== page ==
Now, the invention will be described in detail in conjunction with an exemplary embodiment thereof.
Referring to FIG. 3 which shows a control apparatus for a whole internal combustion engine system, air taken in through an air cleaner 2 is supplied to cylinders 8 (only one of which is shown) through a throttle chamber 4 and an intake pipe 6. Gas resulted from combustion within the cylinder 8 is discharged to the atmosphere through an exhaust pipe 10. An O2 -sensor 11 (also referred to as λ-sensor) serves to detect the concentration of oxygen contained in the exhaust gases.
There is disposed within the throttle chamber 4 an injection valve or injector 12 for injecting fuel therein, the fuel injected being atomized within an air passage in the throttle chamber to be mixed with intake air to form an air-fuel mixture which is then supplied to the combustion chamber of the cylinder 8 upon opening of an intake valve 20.
Throttle valves 14 and 16 are disposed in the vicinity of the fuel injection valve or injector 12. The throttle valve 14 is mechanically coupled to an accelerator pedal so as to be operated by a driver. On the other hand, the throttle valve 16 is operatively coupled to a diaphragm device 18 in such a manner that the throttle valve 16 is in the fully closed state when air flow is small, while the throttle valve 16 begins to be opened as a negative pressure applied to the diaphragm device 18 is increased in response to increasing in the air flow amount to thereby prevent the resistance to air intake from being increased.
An air passage 22 is provided at a location upstream of the throttle valves 14 and 16 in the throttle chamber 4. An electric heat generating element 24 which constitutes the hot-wire type air flow sensor is disposed in the air passage 22, which sensor produces an electric voltage signal varying in dependence on the air flow rate or velocity which is determined from a relationship between the air flow velocity and the heat transfer of the hot-wire or electric heat generating element. Since the heat generating element 24 is positioned within the air passage 22, it can be protected from the exposure to a gas of high temperature produced upon back-firing of the cylinder 8 as well as contamination by dusts or the like particles carried by the intake air. The outlet of the air passage 22 opens in the vicinity of the narrowest portion of a Venturi, while the inlet of the air passage 22 opens at a location upstream of the Venturi.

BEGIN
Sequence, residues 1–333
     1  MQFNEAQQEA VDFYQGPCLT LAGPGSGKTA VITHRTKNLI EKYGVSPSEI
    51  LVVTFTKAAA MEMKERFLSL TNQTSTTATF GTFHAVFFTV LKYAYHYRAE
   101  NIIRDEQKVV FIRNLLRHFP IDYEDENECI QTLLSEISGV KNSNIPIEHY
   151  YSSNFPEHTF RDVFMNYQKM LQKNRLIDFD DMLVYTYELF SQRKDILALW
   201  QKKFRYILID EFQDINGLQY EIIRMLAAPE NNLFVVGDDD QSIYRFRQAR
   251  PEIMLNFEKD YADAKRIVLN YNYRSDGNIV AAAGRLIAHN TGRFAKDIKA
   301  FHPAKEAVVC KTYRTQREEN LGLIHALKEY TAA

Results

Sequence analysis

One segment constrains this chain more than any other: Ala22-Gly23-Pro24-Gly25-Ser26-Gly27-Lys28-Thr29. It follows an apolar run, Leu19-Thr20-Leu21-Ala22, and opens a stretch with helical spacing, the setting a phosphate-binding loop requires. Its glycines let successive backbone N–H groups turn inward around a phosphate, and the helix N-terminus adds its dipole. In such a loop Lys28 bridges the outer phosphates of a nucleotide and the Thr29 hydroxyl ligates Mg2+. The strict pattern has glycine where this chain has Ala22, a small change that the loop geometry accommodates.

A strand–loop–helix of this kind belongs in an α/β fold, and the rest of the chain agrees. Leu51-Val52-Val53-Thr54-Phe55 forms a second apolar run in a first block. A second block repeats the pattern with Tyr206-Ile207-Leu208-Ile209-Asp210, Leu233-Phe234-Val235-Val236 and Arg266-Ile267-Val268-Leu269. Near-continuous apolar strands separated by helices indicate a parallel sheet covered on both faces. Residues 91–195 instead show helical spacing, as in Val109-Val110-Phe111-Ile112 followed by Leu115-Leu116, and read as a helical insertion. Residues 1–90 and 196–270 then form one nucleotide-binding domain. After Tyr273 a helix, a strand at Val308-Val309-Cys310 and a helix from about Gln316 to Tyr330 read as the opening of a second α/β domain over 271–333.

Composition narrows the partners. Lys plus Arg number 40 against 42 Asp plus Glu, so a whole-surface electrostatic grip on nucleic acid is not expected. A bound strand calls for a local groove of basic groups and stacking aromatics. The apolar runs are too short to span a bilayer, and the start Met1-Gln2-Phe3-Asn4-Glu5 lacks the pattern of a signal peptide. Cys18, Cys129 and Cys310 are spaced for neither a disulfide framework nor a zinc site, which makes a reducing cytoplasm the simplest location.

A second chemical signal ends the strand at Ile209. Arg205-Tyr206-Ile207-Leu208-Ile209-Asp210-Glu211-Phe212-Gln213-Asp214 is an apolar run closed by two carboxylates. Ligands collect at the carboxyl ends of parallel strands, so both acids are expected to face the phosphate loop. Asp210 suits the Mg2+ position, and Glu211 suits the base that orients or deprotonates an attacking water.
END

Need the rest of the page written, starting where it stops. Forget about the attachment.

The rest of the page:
The throttle valve 14 is provided with a throttle angle sensor for detecting the aperture thereof, although the sensor is not shown in FIG. 3. The detection signal output from the throttle angle sensor is supplied to a multiplexer 120 of a first analogue-to-digital or A/D converter ADC 1, as will hereinafter be described in conjunction with FIG. 6.
The fuel supplied to the injector 12 is beforehand supplied to a fuel pressure regulator 38 from a fuel tank or container 30 through a fuel pump 32, a fuel damper 34 and a filter 36. Thus, the fuel is supplied under regulated pressure to the fuel injector 12 from the fuel pressure regulator 38 through a pipe 40, wherein a part of fuel is fed back to the fuel tank 30 from the fuel pressure regulator 38 by way of a return pipe 42 so that difference between the pressure prevailing in the intake conduit 6 into which the fuel is injected from the injector 12 and the pressure of the fuel supplied to the injector 12 constantly remains constant.